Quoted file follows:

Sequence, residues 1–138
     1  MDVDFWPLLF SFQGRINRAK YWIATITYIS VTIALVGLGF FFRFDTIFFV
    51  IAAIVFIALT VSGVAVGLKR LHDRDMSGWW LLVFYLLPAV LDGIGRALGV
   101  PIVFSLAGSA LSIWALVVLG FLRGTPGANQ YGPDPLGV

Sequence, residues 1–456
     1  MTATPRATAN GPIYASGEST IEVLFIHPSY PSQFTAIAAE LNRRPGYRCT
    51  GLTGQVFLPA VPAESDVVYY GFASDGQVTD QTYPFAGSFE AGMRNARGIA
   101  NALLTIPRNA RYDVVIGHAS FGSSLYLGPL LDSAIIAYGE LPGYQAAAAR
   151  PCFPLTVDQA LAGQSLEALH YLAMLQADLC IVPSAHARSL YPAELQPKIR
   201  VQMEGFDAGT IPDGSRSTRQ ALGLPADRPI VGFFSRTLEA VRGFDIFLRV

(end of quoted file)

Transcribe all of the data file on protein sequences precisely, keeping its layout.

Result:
Sequence, residues 1–138
     1  MDVDFWPLLF SFQGRINRAK YWIATITYIS VTIALVGLGF FFRFDTIFFV
    51  IAAIVFIALT VSGVAVGLKR LHDRDMSGWW LLVFYLLPAV LDGIGRALGV
   101  PIVFSLAGSA LSIWALVVLG FLRGTPGANQ YGPDPLGV

Sequence, residues 1–456
     1  MTATPRATAN GPIYASGEST IEVLFIHPSY PSQFTAIAAE LNRRPGYRCT
    51  GLTGQVFLPA VPAESDVVYY GFASDGQVTD QTYPFAGSFE AGMRNARGIA
   101  NALLTIPRNA RYDVVIGHAS FGSSLYLGPL LDSAIIAYGE LPGYQAAAAR
   151  PCFPLTVDQA LAGQSLEALH YLAMLQADLC IVPSAHARSL YPAELQPKIR
   201  VQMEGFDAGT IPDGSRSTRQ ALGLPADRPI VGFFSRTLEA VRGFDIFLRV